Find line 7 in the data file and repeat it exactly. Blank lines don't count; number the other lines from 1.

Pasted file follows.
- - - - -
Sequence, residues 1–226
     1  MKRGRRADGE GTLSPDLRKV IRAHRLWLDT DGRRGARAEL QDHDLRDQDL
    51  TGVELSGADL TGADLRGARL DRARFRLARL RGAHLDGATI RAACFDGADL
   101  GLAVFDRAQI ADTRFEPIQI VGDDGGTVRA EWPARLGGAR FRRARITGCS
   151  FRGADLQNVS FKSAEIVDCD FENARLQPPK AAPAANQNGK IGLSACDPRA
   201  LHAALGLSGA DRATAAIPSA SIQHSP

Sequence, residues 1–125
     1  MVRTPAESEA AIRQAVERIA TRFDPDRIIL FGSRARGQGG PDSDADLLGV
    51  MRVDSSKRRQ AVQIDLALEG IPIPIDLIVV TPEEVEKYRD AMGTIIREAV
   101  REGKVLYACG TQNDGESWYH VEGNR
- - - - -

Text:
Sequence, residues 1–125